East Africa Association of Grantmakers;
Tanzania has seen significant improvements to its national development data infrastructure in recent years. In February 2016 the country adopted an Open Data Policy aimed at increasing access to government data and promoting increased transparency and partnerships for social and economic development. Key government data has been made available for use by civil society organizations (CSOs) and the media through an open data portal. Additionally, the 2016-2021 National Development Plan includes among its key objectives the need to integrate the Sustainable Development Goals (SDGs) targets into its Monitoring and Evaluation Framework.However, existing data initiatives are largely government driven and do not take into account data from or about civil society actors. In particular, Tanzania lacks a dedicated platform and framework for collecting, sharing and analyzing data on philanthropy. In September 2015, inspired by similar initiatives in other East African Countries, the Foundation for Civil Society partnered with the East Africa Association of Grantmakers (EAAG) to form the Tanzania National Philanthropy Forum (TPF). The launch of the TPF marks an opportunity for the philanthropy community in Tanzania to come together and strengthen its voice and influence in national development processes.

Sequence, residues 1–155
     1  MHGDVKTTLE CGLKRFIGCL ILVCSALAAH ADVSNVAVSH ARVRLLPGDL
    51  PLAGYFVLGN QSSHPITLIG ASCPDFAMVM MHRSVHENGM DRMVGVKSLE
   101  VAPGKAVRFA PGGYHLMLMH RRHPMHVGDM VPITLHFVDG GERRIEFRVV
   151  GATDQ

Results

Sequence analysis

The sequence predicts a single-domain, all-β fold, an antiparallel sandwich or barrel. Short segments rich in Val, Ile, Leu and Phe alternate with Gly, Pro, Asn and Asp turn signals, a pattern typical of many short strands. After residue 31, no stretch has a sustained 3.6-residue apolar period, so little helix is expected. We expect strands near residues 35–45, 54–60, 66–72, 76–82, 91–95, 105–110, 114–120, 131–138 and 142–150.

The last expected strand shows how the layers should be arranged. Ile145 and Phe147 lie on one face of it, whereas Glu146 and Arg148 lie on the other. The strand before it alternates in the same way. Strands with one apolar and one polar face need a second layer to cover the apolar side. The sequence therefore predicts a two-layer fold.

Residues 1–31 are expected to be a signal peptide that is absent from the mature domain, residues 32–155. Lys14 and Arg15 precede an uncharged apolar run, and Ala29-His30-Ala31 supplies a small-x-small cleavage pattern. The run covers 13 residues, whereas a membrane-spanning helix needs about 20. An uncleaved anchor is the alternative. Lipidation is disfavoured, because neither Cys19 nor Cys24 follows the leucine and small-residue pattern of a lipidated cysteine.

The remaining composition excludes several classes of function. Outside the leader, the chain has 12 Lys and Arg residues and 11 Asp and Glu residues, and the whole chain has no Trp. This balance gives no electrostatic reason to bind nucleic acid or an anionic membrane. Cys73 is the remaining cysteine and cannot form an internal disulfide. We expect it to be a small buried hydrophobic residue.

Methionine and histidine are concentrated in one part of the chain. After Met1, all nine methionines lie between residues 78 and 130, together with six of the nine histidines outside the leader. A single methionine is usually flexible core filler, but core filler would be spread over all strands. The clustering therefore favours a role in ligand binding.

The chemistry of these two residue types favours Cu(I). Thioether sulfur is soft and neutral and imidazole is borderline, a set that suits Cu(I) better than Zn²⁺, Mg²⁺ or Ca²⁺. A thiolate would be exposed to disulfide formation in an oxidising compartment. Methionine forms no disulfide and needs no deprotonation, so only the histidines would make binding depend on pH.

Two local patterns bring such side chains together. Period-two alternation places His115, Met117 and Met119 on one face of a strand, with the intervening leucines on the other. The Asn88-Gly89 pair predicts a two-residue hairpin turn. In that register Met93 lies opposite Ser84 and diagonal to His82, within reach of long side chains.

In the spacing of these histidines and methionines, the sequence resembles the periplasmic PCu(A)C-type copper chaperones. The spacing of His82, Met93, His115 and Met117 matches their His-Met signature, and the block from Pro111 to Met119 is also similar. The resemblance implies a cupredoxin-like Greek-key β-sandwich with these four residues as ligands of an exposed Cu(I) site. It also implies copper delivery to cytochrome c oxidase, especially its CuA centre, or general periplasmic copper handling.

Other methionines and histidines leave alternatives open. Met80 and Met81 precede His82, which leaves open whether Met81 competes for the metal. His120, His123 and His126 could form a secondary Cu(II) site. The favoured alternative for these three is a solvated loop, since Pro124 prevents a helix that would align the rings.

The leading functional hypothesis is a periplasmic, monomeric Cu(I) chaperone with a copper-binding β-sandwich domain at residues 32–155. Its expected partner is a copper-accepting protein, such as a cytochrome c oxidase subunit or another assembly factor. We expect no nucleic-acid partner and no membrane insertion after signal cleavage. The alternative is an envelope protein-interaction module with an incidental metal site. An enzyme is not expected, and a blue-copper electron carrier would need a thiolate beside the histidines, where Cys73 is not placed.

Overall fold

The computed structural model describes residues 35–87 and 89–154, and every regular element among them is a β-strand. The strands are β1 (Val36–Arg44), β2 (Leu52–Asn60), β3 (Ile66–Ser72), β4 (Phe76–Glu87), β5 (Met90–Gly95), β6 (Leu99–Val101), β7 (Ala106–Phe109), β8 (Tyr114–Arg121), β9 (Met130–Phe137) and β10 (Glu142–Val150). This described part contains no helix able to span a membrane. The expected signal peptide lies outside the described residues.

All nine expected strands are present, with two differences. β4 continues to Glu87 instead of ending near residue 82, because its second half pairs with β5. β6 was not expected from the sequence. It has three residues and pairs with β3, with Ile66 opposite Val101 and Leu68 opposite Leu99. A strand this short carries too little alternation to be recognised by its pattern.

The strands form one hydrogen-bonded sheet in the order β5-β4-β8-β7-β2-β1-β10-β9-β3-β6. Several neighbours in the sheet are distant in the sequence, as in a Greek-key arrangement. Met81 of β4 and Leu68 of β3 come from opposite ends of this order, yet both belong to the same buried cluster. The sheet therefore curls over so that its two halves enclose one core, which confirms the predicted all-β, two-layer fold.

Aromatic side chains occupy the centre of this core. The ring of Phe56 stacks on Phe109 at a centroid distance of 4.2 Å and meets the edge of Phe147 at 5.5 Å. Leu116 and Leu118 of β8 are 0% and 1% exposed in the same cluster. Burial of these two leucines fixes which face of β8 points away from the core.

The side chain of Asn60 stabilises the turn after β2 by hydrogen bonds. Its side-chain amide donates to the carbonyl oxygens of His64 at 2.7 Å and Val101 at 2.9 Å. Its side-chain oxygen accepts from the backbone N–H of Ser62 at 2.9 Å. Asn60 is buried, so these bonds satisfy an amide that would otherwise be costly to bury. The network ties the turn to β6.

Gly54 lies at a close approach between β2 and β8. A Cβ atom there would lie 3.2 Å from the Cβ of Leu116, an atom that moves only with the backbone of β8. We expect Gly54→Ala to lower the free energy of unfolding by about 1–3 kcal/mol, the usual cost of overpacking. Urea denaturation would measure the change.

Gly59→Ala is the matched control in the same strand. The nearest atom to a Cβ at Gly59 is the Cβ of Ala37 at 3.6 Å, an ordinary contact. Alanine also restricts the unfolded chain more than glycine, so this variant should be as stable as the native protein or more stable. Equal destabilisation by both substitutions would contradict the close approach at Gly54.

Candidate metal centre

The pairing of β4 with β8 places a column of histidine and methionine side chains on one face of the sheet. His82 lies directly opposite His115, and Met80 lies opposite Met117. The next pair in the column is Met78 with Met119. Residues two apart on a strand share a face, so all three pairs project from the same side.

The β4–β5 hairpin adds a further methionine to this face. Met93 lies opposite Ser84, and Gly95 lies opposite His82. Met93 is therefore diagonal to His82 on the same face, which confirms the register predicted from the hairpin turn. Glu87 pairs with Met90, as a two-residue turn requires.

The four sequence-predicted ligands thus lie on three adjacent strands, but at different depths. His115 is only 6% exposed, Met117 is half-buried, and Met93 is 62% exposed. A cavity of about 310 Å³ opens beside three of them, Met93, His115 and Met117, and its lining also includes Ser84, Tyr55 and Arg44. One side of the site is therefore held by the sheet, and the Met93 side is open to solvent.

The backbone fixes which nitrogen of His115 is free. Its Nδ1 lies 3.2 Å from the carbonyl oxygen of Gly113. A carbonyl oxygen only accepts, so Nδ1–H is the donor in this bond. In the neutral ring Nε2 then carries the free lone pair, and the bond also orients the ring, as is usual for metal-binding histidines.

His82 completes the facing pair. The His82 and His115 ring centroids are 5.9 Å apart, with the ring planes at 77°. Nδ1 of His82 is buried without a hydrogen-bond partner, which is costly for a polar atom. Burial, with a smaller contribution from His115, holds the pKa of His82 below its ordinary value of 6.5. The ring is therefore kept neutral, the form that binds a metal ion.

As per the Global Goals (SDG 4- 4.1), Plan International has been strategically supporting girls' secondary education and working to eliminate the barriers that hinder one of the significant barriers that Plan International Tanzania identified was a lack of support for Burundian refugee girls during their menstruation. This was seen as a contributor to both girls missing several days of school per month or dropping out altogether. Female students don't have adequate facilities to wash themselves during their menstruation cycle, and that they use old clothes to stop the flow. In addition, they don't have adequate space in which to change or wash their clothes, and, because of these difficulties, they felt it too challenging to attend school during menstruation.
East Africa Association of Grantmakers;